What an inspired 80th birthday present it seemed for Boris Johnson’s father Stanley – a family of beavers for the river on his Exmoor estate. Boris Johnson’s siblings paid for all the paperwork. Derek Gow (rewilding conservationist) visited Stanley, Boris, and Rachel to discuss their project. Derek states that Boris is passionately interested in beavers. 

Stanley said that he was friendly, but the law currently prohibits him from releasing beavers in the wild. Legally – although this is under review – beavers can only be released into fenced-off areas, but there are wild populations in Scotland and Devon.

British waters once populated with beavers. We hunted them until they became extinct for their fur, scent glands and meat, in the latter part of 17th-century. Derek, now a Devon farmer and conservationist has written a book called Bringing Back The Beaver about his long-running quest to bring back beavers in our rivers.

Derek Gow, 56, a Devon farmer turned conservationist, has chronicled his decades-long quest to re-establish beavers (pictured) on our rivers in his book Bringing Back The Beaver

Derek Gow, 56 years old, is a Devon farmer who has become a conservationist. He chronicles his long-running quest to reestablish beavers in our rivers (pictured), in his book “Bringing Back the Beaver”.

Many of us have fond childhood memories of wild beavers. We remember their friendly chatty beavers from Narnia, with their delicious suppers filled with fried trout and sticky mammallade rolls. Nonsense, Derek says – beavers are vegetarian. 

“CS Lewis did not have a solid base of biological reality.” They are captivating. Derek says that they are compassionate creatures. 

“They love their baby. Kits spend their first year dependent on their parents or older siblings. They prevent their ability to swim in dangerous water and, if necessary, transport them back to the lodge. 

They snuggle them and groom them. They provide protection , a loving home and tolerate their tantrums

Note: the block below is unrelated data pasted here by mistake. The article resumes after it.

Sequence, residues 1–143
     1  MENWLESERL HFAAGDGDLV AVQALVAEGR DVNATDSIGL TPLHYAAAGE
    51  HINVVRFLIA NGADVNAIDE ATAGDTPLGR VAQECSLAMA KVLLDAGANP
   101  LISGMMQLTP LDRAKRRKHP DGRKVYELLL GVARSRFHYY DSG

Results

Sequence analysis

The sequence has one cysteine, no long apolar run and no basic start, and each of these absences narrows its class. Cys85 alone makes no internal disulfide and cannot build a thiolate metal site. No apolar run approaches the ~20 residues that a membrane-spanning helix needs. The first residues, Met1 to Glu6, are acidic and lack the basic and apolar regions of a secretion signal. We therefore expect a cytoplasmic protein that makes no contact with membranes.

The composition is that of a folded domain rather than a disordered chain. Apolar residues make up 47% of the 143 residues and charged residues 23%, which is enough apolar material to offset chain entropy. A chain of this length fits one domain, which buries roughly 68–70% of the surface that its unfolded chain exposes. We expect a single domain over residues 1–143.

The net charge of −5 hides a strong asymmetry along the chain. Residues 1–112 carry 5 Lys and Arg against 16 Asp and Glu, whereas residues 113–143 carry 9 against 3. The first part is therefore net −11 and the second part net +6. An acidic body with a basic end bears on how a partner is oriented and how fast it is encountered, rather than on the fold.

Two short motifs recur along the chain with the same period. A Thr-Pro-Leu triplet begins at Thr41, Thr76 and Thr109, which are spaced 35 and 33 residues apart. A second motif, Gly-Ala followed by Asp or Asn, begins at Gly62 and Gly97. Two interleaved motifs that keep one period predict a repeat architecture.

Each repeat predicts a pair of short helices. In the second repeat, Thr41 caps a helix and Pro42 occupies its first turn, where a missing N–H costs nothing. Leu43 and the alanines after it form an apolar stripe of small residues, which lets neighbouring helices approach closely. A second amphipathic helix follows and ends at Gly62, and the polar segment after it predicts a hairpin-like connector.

He is passionate about beavers, you can see it. Their presence is a major contributor to the ecosystem’s health. They are sharp-tongued and can gnaw at riverbank trees leaving behind stumps the size of sharpened pencils. 

But these coppiced trees continue to grow, creating a wetland habitat where other creatures flourish – otters and water voles, kingfishers and cormorants. The complex dams slow down flood waters downstream, reducing the impact of climate change.

Derek visited Stanley Johnson (pictured) who was gifted a family of beavers for the river on his Exmoor estate

Derek visited Stanley Johnson (pictured) who was gifted a family of beavers for the river on his Exmoor estate

Derek, 56 years of age, was raised in the Scottish Borders. He is a hero to Gerald Durrell. A course at Durrell’s Jersey zoo on endangered species transformed Derek’s life. In the middle of the 1990s, he was in Poland when he first encountered European black beavers. He wanted to obtain breeding pairs and release them back in his homeland. 

Derek received the mother from her keeper. “She settled in my lap with her large leather tail beneath. I have never forgotten her. I was touched by her kindness.

Derek brought the first beaver he imported, and she was not so sweet. Derek went to Heathrow’s quarantine facility to see her. Keen to check she was OK, Derek crawled into the crate – and met his nemesis.

He recalls that she let out an audible growl, and then jumped at him with her exposed teeth. Grumpy was grabbing Derek’s boot. Derek used a brush to get her out, but Grumpy took just one bite of the broomhead, and reduced it to a stump. 

Derek fell in a seal pool, a facility that also handled seals. The beaver joined him. She decided that a relaxing bath would be more attractive after the disadvantage was hers.

Derek has since raised wildcats, white-storks, and stoats on his farm of 150 acres at Coombeshead near Dartmoor. But beavers are still his favorite. There are three families that thrive there now.

Derek’s next book is about Britain’s history of the wolf. The Big Bad Wolf Must Be Returned! Maybe he could use a different campaign slogan.  

Bringing Back The Beaver by Derek Gow (hardback, Chelsea Green, £20; paperback, published on 13 January, £10.99). Go to rewilding.coombeshead.co.uk